Newton’s Hyperbola Observed from Newton’s Evolute (1687), Gudermann’s Circle (1833), the Auxiliary Circle (Pedal Curve and Inversion Curve), the Lemniscate of Bernoulli (1694) (Pedal Curve and Inversion Curve) (09.01.2019)

  •  Jiri Stavek    


Johannes Kepler and Isaac Newton inspired generations of researchers to study properties of elliptic, hyperbolic, and parabolic paths of planets orbiting around the Sun. After the intensive study of those conic sections during the last four hundred years it is believed that this topic is practically closed and the 21st Century cannot bring anything new to this subject. Can we add to those visible orbits from the Aristotelian World some curves from the Plato’s Realm that might bring to us new information about those conic sections? Isaac Newton in 1687 discovered one such curve - the evolute of the hyperbola - behind his famous gravitation law. In our model we have been working with Newton’s Hyperbola in a more complex way. We have found that the interplay of the empty focus M (= Menaechmus - the discoverer of hyperbola), the center of the hyperbola A (= Apollonius of Perga - the Great Geometer), and the occupied focus N (= Isaac Newton - the Great Mathematician) together form the MAN Hyperbola with several interesting hidden properties of those hyperbolic paths. We have found that the auxiliary circle of the MAN Hyperbola could be used as a new hodograph and we will get the tangent velocity of planets around the Sun and their moment of tangent momentum. We can use the lemniscate of Bernoulli as the pedal curve of that hyperbola and we will get the normal velocities of those orbiting planets and their moment of normal momentum. The first derivation of this moment of normal momentum will reveal the torque of that hyperbola and we can estimate the precession of hyperbolic paths and to test this model for the case of the flyby anomalies. The auxiliary circle might be used as the inversion curve of that hyperbola and the Lemniscate of Bernoulli could help us to describe the Kepler’s Equation (KE) for the hyperbolic paths. Have we found the Arriadne’s Thread leading out of the Labyrinth or are we still lost in the Labyrinth?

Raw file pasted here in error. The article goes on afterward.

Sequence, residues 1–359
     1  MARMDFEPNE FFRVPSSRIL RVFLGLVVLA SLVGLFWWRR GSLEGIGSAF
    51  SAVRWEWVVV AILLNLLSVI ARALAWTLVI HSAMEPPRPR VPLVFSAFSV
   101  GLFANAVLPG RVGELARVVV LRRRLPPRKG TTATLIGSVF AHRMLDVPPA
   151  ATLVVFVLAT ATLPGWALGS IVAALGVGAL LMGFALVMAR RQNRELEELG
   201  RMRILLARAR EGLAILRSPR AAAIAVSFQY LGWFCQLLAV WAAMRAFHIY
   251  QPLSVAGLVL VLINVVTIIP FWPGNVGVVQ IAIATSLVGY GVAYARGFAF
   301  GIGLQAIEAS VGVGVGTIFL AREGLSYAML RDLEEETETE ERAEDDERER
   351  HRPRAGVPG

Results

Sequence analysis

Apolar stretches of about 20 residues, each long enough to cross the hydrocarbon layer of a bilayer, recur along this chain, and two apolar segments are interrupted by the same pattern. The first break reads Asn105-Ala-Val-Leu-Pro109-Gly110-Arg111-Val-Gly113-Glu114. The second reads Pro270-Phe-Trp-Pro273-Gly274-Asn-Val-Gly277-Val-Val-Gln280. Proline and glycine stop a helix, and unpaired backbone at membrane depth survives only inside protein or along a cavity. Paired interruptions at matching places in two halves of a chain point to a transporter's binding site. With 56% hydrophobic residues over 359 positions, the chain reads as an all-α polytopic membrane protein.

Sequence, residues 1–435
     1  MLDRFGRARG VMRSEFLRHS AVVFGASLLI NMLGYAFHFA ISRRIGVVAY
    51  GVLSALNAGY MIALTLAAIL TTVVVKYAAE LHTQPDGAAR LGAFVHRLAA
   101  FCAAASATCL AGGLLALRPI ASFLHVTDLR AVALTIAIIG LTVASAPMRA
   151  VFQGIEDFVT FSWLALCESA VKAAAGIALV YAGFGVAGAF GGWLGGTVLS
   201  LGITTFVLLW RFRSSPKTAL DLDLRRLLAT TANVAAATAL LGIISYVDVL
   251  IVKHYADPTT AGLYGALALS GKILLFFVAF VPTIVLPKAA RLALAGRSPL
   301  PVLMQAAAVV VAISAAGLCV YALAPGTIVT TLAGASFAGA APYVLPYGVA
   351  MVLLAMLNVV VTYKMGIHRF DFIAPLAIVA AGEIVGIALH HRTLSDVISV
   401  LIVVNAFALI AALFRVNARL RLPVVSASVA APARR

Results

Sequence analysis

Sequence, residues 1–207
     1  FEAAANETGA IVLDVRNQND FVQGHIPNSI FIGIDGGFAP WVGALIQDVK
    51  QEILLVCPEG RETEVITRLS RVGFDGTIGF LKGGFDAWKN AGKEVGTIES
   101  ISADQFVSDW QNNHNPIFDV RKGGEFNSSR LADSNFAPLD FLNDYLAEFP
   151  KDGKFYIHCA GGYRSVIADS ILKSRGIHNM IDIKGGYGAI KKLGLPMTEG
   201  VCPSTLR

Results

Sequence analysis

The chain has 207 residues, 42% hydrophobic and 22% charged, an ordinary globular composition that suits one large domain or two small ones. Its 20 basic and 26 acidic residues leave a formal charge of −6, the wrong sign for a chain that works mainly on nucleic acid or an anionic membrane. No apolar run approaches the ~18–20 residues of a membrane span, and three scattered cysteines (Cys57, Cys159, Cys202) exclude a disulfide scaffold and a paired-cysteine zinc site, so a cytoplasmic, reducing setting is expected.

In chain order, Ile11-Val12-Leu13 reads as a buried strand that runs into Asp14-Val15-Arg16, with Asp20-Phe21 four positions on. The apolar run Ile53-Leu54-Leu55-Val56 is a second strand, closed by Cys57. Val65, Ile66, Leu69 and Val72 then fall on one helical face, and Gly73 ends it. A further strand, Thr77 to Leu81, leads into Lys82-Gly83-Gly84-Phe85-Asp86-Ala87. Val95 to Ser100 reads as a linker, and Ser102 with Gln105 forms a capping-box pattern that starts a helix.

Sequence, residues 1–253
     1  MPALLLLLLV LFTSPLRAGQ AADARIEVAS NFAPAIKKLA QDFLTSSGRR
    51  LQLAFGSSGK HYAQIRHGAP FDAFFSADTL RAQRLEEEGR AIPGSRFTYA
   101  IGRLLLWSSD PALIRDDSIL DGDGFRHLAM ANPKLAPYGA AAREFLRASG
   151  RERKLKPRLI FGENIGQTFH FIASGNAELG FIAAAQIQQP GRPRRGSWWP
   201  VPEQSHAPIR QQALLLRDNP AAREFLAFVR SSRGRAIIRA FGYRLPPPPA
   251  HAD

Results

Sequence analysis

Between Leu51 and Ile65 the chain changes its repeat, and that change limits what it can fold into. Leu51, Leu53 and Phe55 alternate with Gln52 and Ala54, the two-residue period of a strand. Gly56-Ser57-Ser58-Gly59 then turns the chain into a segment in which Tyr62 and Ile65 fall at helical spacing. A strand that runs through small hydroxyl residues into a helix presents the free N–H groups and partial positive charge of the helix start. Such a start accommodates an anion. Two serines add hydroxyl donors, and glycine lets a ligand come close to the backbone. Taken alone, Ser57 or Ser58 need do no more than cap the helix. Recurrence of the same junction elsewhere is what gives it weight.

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  • ISSN(Print): 1916-9639
  • ISSN(Online): 1916-9647
  • Started: 2009
  • Frequency: bimonthly

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